Local Biz ‘Preference’ Backed by Cecil County Councilor Hodge, as State Attorney General Backs Similar Steps; Local Staff, Political Clan Critical
Cecil County Council President Robert Hodge (R-5) has long been dismayed that county-financed construction projects often use non-local subcontractors and services—from port-a-potties to cement—rather than pump some of those government dollars back into the local economy and wallets of Cecil County residents. So last week Hodge proposed a broad initiative to boost “good faith” efforts by bidders on county projects to employ local subcontractors and service providers.
His proposal, which he said was really an impetus to stimulate discussion on how to promote local business, immediately drew skepticism from some county government officials and ideological political venom from a local conservative group. The group, “Campaign for Liberty,” is operating in Cecil and Harford counties and has ties to the Smipkin political organization. The group is being courted by County Councilor Diana Broomell (R-4), who is widely expected to seek a state legislative seat in a new Cecil-Harford district.
But Hodge was ahead of the curve with his proposals, and several days later, Maryland Attorney General Doug Gansler suggested an array of “preferences” for Maryland businesses and suppliers on state contracts. And Gansler even suggested some of the same concepts outlined by Hodge, such as creating educational campaigns and resource directories to promote local businesses and their use by general contractors.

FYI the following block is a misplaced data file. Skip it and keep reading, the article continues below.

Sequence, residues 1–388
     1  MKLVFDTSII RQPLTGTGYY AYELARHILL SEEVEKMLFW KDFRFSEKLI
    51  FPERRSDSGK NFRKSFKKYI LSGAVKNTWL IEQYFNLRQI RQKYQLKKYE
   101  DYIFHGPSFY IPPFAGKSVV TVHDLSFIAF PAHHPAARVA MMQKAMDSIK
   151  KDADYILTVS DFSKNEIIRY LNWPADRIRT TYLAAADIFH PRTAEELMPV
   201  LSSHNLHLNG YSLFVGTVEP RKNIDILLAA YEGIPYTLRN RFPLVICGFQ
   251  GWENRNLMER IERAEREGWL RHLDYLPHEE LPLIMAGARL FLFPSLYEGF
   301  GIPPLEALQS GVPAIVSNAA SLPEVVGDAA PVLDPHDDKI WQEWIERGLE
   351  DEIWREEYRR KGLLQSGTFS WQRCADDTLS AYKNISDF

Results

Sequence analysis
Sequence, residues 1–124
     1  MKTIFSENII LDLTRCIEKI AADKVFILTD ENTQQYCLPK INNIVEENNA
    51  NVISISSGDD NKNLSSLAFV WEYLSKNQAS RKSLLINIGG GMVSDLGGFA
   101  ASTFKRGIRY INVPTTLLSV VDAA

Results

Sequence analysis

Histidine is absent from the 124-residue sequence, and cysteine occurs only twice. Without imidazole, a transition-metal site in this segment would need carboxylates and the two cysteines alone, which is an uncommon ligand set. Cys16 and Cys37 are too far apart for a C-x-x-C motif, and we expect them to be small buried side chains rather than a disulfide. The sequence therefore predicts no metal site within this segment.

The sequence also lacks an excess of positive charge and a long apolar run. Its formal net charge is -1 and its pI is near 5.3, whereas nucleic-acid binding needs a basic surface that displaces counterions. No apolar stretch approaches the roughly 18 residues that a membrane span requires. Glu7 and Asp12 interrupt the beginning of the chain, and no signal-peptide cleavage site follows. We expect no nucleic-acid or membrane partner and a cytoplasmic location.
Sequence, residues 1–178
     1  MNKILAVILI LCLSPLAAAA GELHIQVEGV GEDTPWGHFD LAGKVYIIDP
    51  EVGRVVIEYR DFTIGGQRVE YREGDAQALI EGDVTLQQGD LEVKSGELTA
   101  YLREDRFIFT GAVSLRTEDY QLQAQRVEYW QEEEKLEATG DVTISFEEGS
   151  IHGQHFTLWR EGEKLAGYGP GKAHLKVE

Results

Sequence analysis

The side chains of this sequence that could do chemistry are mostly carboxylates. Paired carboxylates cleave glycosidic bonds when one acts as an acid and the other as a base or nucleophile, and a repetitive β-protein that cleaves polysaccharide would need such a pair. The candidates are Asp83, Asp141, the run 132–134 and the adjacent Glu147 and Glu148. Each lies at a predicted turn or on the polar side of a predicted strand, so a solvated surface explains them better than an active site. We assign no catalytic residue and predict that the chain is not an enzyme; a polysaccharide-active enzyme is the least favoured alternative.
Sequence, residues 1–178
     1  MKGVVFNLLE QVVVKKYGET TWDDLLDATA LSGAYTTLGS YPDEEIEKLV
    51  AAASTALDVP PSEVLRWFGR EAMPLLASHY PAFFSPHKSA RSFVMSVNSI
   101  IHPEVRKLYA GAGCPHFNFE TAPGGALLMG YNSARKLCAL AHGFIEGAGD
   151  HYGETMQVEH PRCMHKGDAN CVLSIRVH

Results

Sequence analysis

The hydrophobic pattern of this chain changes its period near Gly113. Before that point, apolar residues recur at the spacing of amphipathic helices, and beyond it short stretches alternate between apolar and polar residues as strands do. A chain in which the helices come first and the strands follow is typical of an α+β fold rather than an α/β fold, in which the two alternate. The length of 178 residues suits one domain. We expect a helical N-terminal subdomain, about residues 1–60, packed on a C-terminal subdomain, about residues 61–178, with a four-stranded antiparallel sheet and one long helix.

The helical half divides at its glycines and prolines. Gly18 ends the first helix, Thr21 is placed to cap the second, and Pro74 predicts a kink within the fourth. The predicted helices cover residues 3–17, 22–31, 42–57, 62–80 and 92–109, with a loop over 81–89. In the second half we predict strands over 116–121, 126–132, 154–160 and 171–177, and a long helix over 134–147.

Last Friday, Gansler spoke in Hagerstown, where a Mack truck plant is one of the few remaining automotive assembly facilities left in the state. During the Western Maryland event, Gansler—who is expected to announce his candidacy for the 2014 Democratic nomination for Governor soon—urged creation of a ‘preference’ for in-state bidders on state construction, supplies and services contracts. Such incentives, he observed, might have encouraged state purchases of Mack trucks produced by local workers instead of out-of-state or foreign products.
On his campaign website, Gansler outlined a seven-point plan for revitalizing manufacturing in the state and the cornerstone of his plan is giving businesses and services based in Maryland a preference in winning state contracts. [See proposal here: